Riemannian geometry

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Related to Semi-Riemannian geometry: Riemannian metric

Rie·mann·ian geometry

 (rē-män′ē-ən)
n.
A non-Euclidean system of geometry based on the postulate that within a plane every pair of lines intersects.

[After Georg Friedrich Bernhard Riemann.]

Riemannian geometry

n
(Mathematics) a branch of non-Euclidean geometry in which a line may have many parallels through a given point. It has a model on the surface of a sphere, with lines represented by great circles. Also called: elliptic geometry

Riemann′ian geom′etry


n.
the branch of non-Euclidean geometry that replaces the parallel postulate of Euclidean geometry with the postulate that in a plane every pair of distinct lines intersects.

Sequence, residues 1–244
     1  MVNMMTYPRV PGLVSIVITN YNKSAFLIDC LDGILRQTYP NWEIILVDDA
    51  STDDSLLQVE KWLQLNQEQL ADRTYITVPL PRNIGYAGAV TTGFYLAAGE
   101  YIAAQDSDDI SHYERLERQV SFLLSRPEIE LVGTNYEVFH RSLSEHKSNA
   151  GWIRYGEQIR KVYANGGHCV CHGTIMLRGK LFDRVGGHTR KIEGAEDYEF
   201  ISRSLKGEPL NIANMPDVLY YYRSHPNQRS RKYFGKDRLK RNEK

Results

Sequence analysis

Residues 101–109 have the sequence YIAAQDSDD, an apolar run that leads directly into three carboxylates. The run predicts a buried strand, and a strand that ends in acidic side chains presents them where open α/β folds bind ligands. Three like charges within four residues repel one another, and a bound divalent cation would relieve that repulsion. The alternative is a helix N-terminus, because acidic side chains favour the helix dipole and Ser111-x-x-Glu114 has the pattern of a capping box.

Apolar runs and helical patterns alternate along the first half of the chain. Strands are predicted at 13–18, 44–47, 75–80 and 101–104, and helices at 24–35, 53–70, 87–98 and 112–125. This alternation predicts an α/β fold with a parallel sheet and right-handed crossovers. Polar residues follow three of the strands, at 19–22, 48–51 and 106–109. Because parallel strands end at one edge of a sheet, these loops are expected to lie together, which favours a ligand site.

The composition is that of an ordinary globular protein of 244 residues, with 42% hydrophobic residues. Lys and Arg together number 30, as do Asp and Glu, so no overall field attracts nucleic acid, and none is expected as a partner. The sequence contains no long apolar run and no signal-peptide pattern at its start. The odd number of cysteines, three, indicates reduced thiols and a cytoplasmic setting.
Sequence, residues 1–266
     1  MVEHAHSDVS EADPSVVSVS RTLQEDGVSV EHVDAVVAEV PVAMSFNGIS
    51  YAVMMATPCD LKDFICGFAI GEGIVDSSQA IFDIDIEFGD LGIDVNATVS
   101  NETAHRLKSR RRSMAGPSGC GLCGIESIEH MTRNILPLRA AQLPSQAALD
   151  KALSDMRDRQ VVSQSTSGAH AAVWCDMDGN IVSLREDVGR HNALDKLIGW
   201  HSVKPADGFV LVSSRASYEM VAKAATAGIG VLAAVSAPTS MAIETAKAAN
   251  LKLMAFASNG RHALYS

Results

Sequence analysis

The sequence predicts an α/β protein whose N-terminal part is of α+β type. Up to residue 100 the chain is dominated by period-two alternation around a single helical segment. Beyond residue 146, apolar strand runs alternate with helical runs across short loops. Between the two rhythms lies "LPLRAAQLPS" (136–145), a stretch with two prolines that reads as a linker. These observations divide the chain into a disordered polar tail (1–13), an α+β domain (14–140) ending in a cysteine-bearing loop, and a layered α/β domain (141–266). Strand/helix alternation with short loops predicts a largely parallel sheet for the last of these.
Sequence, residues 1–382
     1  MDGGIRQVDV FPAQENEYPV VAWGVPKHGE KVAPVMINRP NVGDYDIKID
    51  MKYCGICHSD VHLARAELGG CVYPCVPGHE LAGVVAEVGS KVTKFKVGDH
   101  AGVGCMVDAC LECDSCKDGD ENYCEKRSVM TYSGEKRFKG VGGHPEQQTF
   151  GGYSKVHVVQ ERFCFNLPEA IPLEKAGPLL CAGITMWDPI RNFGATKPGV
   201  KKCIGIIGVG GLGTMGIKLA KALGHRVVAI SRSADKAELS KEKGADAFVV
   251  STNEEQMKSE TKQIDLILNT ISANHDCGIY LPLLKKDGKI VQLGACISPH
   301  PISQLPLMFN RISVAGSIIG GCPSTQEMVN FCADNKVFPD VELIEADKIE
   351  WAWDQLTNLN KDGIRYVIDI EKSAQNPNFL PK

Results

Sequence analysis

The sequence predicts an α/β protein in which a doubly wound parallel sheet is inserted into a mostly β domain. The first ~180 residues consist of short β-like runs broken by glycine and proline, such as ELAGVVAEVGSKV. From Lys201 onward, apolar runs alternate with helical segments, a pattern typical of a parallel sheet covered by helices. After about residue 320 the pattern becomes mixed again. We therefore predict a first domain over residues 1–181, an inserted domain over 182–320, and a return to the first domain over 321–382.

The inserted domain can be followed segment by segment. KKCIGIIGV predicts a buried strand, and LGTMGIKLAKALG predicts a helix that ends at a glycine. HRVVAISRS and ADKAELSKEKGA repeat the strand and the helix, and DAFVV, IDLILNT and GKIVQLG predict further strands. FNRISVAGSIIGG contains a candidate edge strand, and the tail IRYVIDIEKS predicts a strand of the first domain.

[1915–20; after German.French.B. Riemann]
ThesaurusAntonymsRelated WordsSynonymsLegend:
Noun1.Riemannian geometry - (mathematics) a non-Euclidean geometry that regards space as like a sphere and a line as like a great circle; "Bernhard Riemann pioneered elliptic geometry"
math, mathematics, maths - a science (or group of related sciences) dealing with the logic of quantity and shape and arrangement
non-Euclidean geometry - (mathematics) geometry based on axioms different from Euclid's; "non-Euclidean geometries discard or replace one or more of the Euclidean axioms"
References in periodicals archive ?
O'Neill, Semi-Riemannian geometry with application to relativity, Academic Press, New York, 1983.
Semi-Riemannian Geometry with Applications to Relativity, Academic Press, New York-London, 1983.
O'Neill: Semi-Riemannian Geometry with Applications to Relativity, Academic Press, New York, 1983.